Walter Bidlake has been living with a married woman named Marjorie Carling for a year and a half, and he is growing tired of her. He feels tied to her by a moral obligation but oppressed by her attempts to possess him; she has rejected his proposal that they live together as close friends but leading independent lives. In any case, it is too late for that now, because Marjorie is pregnant. Her jealousy toward his latest infatuation, Lucy Tantamount, pricks Walter’s conscience, and he is angry with himself for making Marjorie unhappy by going to a party at Tantamount House without her.
Elinor and Philip Quarles travel abroad, leaving little Philip behind under the care of a governess and his grandmother, Mrs. Bidlake. Philip is a novelist, and his life consists of jotting down in his notebook incidents and thoughts that might make material for his next novel. His mind is turned inward, introspective, and his self-centered interests give him little time for emotional experience. Elinor wishes that he would love her as much as she loves him, but she resigns herself to the unhappy dilemma of being loved as much as Philip could possibly love any woman.
Denis Burlap, editor of The Literary World, flatters himself with the just conceit that although his magazine is not a financial success, it at least contributes to the intellectual life of his time. Walter, one of his chief contributors, asks for more pay; Burlap hedges until Walter feels ashamed of his demands. Burlap is attracted to Beatrice Gilray, a pathetic figure who has feared the very touch of a man ever since she had been attacked by her uncle while riding in a taxicab. Burlap hopes eventually to seduce Beatrice. Meanwhile, they are living together. Also part of this social set is Spandrell, an indolent son of a doting mother who supports him, and Everard Webley, a friend of Elinor and the leader of a conservative militaristic group called the British Freemen.
Philip’s father, Sidney Quarles, pretends that he is writing a long history, but he has not progressed much beyond the purchase of office equipment. His wife, Rachel, assumes the burden of managing their affairs and patiently endures Sidney’s whims and mild flirtations. Now it is apparently someone in London, for Sidney makes frequent trips to the British Museum to gather material for his...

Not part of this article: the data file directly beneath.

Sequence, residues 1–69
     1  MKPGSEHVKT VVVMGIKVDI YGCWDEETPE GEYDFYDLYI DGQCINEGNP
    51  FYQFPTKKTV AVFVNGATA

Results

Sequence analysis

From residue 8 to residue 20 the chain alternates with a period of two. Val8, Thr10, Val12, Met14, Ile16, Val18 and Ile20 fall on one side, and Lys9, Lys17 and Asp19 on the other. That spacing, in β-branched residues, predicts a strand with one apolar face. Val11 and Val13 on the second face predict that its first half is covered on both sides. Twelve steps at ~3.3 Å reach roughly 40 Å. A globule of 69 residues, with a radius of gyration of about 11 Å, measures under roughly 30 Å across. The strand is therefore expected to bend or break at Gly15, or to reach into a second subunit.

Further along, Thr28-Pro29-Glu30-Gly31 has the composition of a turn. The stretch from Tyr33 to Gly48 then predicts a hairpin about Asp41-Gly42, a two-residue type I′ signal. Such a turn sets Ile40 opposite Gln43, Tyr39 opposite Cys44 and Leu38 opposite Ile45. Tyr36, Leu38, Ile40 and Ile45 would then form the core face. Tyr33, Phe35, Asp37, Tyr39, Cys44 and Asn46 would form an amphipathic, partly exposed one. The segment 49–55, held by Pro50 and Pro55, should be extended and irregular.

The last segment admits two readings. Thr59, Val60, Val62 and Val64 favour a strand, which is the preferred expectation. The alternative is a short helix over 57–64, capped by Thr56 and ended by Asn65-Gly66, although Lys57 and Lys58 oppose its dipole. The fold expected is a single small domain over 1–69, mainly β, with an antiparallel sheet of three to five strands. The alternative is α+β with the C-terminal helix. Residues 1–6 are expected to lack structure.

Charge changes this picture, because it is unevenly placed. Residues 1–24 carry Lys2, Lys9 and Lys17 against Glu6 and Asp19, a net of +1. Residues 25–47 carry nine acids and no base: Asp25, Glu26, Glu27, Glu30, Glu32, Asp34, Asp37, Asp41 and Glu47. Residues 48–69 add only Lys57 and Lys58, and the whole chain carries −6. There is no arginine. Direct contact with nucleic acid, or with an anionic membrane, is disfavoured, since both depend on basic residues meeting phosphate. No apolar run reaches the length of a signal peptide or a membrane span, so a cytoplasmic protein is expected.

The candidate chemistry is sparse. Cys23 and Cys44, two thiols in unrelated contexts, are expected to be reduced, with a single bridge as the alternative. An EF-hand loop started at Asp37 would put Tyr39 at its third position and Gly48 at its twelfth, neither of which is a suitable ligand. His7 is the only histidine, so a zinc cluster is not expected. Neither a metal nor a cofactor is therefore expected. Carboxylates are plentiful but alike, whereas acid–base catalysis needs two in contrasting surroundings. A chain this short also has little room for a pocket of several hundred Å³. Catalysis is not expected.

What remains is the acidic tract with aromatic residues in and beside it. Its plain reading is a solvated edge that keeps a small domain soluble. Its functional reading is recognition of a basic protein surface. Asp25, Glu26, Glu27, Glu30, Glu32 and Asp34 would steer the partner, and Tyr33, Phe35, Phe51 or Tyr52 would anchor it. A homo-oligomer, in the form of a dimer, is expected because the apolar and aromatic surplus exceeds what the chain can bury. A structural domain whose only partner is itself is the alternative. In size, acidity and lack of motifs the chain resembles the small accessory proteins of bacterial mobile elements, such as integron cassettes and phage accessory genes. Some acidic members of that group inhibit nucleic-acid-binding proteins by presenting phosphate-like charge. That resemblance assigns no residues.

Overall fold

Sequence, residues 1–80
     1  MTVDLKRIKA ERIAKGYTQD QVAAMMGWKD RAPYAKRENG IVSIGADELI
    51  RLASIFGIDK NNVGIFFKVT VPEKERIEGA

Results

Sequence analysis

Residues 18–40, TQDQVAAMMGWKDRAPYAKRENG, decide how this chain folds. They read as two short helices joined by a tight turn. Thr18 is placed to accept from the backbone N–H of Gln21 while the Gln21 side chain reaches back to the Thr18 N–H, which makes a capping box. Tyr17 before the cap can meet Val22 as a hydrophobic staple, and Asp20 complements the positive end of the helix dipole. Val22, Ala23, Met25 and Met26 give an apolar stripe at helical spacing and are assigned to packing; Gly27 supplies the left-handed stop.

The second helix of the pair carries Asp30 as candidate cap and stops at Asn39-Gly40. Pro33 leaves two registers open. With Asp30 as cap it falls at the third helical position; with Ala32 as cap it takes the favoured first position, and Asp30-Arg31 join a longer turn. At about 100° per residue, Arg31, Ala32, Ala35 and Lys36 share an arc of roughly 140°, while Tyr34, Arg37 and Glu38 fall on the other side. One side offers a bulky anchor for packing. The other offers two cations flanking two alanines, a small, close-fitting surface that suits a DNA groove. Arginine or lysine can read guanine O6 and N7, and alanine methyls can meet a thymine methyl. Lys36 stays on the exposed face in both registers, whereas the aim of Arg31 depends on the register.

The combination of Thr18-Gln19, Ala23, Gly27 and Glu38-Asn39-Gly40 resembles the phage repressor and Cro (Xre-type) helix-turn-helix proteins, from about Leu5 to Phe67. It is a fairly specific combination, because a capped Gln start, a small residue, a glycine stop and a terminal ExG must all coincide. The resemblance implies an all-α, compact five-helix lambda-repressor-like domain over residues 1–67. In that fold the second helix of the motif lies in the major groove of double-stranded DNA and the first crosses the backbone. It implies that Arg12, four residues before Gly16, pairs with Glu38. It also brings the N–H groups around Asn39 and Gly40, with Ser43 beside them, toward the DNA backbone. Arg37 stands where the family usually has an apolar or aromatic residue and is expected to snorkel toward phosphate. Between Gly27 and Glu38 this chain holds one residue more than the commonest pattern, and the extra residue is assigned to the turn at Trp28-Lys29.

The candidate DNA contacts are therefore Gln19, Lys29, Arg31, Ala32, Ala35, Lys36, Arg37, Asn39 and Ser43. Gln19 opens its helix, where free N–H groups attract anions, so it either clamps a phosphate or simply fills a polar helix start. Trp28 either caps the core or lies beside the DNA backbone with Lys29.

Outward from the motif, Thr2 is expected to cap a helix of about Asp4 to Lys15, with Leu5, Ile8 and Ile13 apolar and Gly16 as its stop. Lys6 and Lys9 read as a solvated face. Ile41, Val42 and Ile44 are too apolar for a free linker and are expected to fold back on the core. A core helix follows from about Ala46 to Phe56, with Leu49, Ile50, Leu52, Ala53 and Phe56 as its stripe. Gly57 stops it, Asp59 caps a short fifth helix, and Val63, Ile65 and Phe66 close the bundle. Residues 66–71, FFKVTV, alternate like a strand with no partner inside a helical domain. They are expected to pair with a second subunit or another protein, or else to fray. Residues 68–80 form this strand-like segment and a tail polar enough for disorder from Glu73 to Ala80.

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Baker, Robert. The Dark Historic Page: Social Satire and Historicism in the Novels of Aldous Huxley, 1921-1939. Madison: University of Wisconsin Press, 1982. Presents four of the novel’s main contrapuntal plot lines, which are centered around relationships with parents, lovers, death, and God. Argues that Spandrell is central to each of these plot lines.
Bedford, Sybille. Aldous Huxley: A Biography. New York: Alfred A. Knopf, 1973. Detailed biography based primarily on oral sources that traces Huxley’s intellectual and moral development from early childhood on. Presents a fascinating insight into the Huxley family. Discusses the novel’s theme, characterization, and critical reaction.
Bowering, Peter. Aldous Huxley: A Study of the Major Novels. New York: Oxford University Press, 1969. Presents Huxley as a novelist of ideas who uses minimal plot and character development so as to focus on theme and satire. Discusses Huxley’s relationship with D. H. Lawrence and its influence on the themes and ideas in the novel.
Meckier, Jerome. Aldous Huxley: Satire and Structure. London: Chatto & Windus, 1969. An excellent introductory source that isolates major themes of Point Counter Point and provides the clearest overview of its structure. Includes a detailed analysis of Rampion’s central role and of his ruthless assessments of other characters, as well as the use of models for many characters.
Murray, Nicholas. Aldous Huxley: A Biography. New York: St. Martin’s, 2003. Murray’s 500-plus page biography and intellectual history is a wide-ranging survey of Huxley’s writing and his social, personal, and political life. The book stretches from Huxley’s early satirical writing to his peace activism, from his close relations and friendships with Hollywood filmmakers and other intellectuals, to his fascination with spirituality and mysticism. Illustrations, bibliography, and index.
Nance, Guinevera A. Aldous Huxley. New York: Continuum, 1988. A clear introductory work that discusses Huxley’s intellectual development and his detached, reflective presentation of a society without balance. Also analyzes the characters, parallel story lines, and recurring themes of Point Counter Point.